This will create a 5 directories inside of <data_dir>:

• orig

• 540p

• 720p

• 1080p

• 4k Each of these diretories contain scenes (short extracts of the origin video) seperated in two directories train and val.

The script used in prepare_data.sh are the follwing:

tools/split_scenes.py : split the video into scenes and remove audio track:

python ./tools/split_scenes.py --raw_data <path_to_mp4_file> --out_data <data_dir>


The scenes will be written to <data_dir>/orig/scenes. The scenes will be split into training and validation folders.

tools/transcode_scenes.py : transcode the scenes to have a smaller keyframe interval and possibly a lower resolution:

python ./tools/transcode_scenes.py --main_data <data_dir> --resolution <resolution>


where <resolution> can be one of: ‘4K’, 1080p, 720p or 540p. The transcoded scenes will be written to <data_dir>/<resolution>/scenes and split into training and validation folders. Run the script with –help to see more options. Note that while you can split and transcode the original video in one step, we found it to be much faster to split first, then transcode.

Training¶

Training can be run by running the following command available in docs/examples/use_cases/video_superres/run.sh:

./run.sh


This file allows configuration of a variety of training options - it is expected that you will modify data paths appropriately for your system.

Visualization of training data, e.g. loss curves and timings, aswell as sample images is provided through Tensorboard via the tensorboardX library. Whilst training is running you can access Tensorboard at <host_ip>:6006.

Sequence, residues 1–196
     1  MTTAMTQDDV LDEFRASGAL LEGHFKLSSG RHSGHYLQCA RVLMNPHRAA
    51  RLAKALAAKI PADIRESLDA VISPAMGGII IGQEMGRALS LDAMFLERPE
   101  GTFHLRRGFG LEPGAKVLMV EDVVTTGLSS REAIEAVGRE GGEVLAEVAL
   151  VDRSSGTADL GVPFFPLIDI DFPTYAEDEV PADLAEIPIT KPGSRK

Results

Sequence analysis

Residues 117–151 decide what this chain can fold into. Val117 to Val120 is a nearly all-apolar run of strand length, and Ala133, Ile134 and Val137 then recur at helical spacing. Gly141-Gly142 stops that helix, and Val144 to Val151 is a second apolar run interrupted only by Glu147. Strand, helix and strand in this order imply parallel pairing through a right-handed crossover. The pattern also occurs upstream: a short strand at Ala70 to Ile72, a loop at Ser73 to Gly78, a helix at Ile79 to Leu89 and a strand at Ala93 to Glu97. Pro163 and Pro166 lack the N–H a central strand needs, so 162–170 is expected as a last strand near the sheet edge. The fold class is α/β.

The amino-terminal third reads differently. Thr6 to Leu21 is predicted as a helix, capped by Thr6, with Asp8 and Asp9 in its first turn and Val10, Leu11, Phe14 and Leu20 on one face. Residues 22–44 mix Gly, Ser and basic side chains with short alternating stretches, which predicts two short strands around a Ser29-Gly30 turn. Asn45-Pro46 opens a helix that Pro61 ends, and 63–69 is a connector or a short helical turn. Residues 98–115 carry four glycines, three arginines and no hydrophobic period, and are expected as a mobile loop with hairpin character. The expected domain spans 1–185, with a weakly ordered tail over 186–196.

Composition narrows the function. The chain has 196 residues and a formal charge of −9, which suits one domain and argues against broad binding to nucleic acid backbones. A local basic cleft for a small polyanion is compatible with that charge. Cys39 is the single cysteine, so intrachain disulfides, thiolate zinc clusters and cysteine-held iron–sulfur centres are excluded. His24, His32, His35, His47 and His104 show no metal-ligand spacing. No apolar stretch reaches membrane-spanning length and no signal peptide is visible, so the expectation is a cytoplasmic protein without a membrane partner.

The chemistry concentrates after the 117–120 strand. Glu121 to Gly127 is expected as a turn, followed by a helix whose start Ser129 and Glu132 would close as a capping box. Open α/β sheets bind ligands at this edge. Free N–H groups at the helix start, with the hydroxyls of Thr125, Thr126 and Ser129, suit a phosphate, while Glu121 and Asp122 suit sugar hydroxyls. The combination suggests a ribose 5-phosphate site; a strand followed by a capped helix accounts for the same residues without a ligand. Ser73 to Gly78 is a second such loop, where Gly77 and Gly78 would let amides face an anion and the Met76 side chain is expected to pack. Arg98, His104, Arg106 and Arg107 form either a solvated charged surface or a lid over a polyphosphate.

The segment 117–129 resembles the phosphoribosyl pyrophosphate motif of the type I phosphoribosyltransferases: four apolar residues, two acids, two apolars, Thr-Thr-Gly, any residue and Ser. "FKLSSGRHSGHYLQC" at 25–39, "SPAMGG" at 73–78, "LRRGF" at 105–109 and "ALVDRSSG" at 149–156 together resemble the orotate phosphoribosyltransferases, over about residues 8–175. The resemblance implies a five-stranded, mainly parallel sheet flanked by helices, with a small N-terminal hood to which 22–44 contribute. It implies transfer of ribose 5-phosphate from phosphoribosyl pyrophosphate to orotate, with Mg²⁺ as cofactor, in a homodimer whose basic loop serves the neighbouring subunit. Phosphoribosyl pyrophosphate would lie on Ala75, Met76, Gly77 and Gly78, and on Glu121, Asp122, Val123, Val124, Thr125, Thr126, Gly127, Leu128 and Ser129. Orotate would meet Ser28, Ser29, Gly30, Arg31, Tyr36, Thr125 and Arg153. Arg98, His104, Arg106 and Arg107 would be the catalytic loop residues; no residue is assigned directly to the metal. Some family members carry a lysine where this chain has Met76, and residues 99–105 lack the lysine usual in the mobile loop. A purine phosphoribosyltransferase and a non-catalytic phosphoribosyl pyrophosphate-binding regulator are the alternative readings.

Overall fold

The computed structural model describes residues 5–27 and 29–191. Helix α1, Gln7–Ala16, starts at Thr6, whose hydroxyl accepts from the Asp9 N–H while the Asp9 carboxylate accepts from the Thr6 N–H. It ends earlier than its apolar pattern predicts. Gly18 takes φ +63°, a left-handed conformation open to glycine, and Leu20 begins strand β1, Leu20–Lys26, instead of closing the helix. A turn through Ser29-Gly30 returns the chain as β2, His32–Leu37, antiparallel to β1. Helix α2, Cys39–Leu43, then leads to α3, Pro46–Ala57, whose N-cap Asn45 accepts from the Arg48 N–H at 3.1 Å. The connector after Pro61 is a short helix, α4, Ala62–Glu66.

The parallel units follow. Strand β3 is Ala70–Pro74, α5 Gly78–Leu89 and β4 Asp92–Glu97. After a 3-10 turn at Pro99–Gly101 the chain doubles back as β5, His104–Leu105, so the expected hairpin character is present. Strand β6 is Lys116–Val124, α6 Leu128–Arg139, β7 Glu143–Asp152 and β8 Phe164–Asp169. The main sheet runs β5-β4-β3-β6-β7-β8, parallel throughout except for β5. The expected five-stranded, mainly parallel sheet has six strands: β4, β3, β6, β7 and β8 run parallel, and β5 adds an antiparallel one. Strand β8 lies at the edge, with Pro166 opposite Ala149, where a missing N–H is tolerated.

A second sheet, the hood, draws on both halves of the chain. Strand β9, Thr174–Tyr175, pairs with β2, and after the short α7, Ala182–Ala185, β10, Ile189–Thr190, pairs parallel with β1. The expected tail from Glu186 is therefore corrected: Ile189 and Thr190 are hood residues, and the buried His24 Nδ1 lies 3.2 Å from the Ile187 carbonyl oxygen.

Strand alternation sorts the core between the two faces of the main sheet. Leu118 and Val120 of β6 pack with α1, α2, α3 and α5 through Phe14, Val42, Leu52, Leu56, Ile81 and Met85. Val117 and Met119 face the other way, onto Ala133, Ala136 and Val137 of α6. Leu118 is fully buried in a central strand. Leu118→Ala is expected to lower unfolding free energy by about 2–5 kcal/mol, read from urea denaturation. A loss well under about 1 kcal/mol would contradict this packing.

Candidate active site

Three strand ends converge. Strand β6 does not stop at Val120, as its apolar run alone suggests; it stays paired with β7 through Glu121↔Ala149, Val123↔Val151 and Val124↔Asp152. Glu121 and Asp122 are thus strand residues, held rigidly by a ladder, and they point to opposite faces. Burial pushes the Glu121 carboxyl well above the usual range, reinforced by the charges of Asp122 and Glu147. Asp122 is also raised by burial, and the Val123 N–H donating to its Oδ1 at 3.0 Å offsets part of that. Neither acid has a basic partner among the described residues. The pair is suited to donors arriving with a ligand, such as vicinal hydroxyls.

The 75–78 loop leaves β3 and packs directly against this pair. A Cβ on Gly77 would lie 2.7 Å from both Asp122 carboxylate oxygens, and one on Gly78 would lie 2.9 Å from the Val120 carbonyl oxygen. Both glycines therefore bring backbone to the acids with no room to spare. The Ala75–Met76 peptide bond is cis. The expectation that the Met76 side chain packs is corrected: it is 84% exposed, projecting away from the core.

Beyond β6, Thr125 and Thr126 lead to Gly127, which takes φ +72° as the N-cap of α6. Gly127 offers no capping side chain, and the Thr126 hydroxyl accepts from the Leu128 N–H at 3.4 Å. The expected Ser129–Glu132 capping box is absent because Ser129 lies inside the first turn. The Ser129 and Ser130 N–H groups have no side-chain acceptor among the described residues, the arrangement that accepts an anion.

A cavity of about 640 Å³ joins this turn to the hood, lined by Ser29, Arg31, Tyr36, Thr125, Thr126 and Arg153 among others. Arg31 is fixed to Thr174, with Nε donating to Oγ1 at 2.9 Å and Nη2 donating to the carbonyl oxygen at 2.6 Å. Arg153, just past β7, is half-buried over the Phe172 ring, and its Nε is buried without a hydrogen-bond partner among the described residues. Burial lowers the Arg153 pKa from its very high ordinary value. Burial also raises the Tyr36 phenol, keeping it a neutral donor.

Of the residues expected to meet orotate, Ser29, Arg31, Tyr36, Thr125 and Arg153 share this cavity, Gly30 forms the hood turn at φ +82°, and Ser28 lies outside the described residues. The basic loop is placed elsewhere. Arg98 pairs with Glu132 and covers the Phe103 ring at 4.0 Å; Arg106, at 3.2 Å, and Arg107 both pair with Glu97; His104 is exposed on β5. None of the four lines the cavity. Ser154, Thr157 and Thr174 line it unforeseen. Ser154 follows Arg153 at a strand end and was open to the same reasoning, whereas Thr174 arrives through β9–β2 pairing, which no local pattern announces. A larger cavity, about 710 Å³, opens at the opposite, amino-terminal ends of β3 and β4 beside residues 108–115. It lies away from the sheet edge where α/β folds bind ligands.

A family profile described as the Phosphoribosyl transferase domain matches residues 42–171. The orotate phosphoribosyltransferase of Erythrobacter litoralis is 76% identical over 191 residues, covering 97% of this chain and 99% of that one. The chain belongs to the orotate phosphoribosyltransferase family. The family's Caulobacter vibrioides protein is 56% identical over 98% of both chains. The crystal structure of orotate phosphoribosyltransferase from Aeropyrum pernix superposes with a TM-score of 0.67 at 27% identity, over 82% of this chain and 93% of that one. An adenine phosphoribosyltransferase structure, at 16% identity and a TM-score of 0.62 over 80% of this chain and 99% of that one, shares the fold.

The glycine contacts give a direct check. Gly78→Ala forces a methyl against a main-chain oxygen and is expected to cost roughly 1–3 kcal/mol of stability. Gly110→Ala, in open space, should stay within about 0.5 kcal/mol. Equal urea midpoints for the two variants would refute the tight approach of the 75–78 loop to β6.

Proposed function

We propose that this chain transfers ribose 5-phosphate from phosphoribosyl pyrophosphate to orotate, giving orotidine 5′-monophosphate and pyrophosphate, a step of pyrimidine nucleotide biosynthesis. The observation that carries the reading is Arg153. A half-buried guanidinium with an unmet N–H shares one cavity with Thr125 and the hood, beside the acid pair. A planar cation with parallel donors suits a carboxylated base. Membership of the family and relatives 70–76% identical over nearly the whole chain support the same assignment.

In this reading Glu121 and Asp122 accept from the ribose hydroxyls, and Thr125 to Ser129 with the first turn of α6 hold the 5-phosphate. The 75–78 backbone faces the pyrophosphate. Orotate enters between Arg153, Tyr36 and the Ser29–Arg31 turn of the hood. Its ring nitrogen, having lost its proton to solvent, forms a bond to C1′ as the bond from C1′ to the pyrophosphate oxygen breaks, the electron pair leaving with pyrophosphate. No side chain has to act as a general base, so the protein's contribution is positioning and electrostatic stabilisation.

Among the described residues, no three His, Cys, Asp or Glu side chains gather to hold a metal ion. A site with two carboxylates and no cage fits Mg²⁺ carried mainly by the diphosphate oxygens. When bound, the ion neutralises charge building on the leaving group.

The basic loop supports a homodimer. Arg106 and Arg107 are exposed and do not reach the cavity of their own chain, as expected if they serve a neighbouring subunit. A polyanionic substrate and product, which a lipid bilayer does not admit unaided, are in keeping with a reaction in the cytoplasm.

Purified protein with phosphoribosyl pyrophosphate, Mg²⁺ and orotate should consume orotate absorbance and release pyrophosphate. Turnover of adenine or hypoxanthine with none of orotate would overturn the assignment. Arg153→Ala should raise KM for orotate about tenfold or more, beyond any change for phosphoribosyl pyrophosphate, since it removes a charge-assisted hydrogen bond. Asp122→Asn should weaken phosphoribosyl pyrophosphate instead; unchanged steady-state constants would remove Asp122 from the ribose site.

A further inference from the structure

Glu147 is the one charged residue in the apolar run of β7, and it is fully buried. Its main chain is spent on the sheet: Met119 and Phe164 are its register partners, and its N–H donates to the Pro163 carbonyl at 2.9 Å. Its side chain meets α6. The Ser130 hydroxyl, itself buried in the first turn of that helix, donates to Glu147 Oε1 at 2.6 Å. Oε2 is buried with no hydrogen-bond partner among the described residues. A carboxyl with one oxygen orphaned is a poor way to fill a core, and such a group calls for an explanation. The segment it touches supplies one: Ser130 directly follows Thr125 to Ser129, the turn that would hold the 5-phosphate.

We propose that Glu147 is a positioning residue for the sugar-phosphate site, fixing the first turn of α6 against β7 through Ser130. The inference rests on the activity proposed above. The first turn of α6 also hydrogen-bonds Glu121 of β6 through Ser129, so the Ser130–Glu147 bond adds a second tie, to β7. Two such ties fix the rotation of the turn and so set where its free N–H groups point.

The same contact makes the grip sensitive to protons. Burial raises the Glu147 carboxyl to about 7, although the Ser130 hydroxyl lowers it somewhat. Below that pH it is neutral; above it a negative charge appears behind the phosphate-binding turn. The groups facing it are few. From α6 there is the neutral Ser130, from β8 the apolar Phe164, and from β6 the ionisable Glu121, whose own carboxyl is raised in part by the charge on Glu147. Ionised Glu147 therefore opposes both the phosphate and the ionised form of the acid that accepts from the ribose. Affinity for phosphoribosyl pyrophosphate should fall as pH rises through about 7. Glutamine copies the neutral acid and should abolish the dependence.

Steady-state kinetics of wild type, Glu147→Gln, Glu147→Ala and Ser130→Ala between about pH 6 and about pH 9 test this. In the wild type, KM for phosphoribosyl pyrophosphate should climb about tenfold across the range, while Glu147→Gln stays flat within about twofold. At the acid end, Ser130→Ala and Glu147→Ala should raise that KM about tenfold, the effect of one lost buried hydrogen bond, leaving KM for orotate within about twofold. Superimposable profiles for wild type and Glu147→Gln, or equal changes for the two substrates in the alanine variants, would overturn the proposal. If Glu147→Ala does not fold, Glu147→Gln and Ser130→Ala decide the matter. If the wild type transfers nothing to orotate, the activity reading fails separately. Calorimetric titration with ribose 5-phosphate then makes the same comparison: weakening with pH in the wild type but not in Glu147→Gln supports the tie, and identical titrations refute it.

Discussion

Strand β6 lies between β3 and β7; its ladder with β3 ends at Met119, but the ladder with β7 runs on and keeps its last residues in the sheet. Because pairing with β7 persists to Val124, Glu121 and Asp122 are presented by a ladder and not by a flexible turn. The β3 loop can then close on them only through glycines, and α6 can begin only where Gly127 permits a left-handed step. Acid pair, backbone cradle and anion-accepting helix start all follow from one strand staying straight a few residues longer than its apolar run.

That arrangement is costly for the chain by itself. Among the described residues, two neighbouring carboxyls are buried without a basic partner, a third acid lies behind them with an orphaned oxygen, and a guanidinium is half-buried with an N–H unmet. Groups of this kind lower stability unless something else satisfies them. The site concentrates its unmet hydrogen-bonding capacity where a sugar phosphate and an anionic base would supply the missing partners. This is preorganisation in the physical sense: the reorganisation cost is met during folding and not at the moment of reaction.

Results on Myanmar validation set¶

All testing of this project was carried out on an NVIDIA DGX-1 using all 8 V100 GPUs and running CUDA 9.1, PyTorch 0.4.0a0+02b758f, cuDNN v7.0.5 in Ubuntu 16.04 Docker containers.

Input image (128x240 - click to see actual size):

VSRNet prediction (512x960 - click to see actual size):

Example training loss (fp16, batch size 7, min_lr=max_lr=0.001):

Example validation PSNR (fp16, batch size 7, min_lr=max_lr=0.001)

Reference¶

If you find this implementation useful in your work, please acknowledge it appropriately and cite the following papers:

@InProceedings{IB17,
author       = "O. Makansi and E. Ilg and and Thomas Brox",
title        = "End-to-End Learning of Video Super-Resolution with Motion Compensation",
booktitle    = "German Conference on Pattern Recognition (GCPR) 2017",
month        = " ",
year         = "2017",
url          = "http://lmb.informatik.uni-freiburg.de/Publications/2017/IB17"
}

@InProceedings{IMKDB17,
author       = "E. Ilg and N. Mayer and T. Saikia and M. Keuper and A. Dosovitskiy and T. Brox",
title        = "FlowNet 2.0: Evolution of Optical Flow Estimation with Deep Networks",
booktitle    = "IEEE Conference on Computer Vision and Pattern Recognition (CVPR)",
month        = "Jul",
year         = "2017",
url          = "http://lmb.informatik.uni-freiburg.de//Publications/2017/IMKDB17"
}


This example and this README are based on NVVL’s PyTorch example.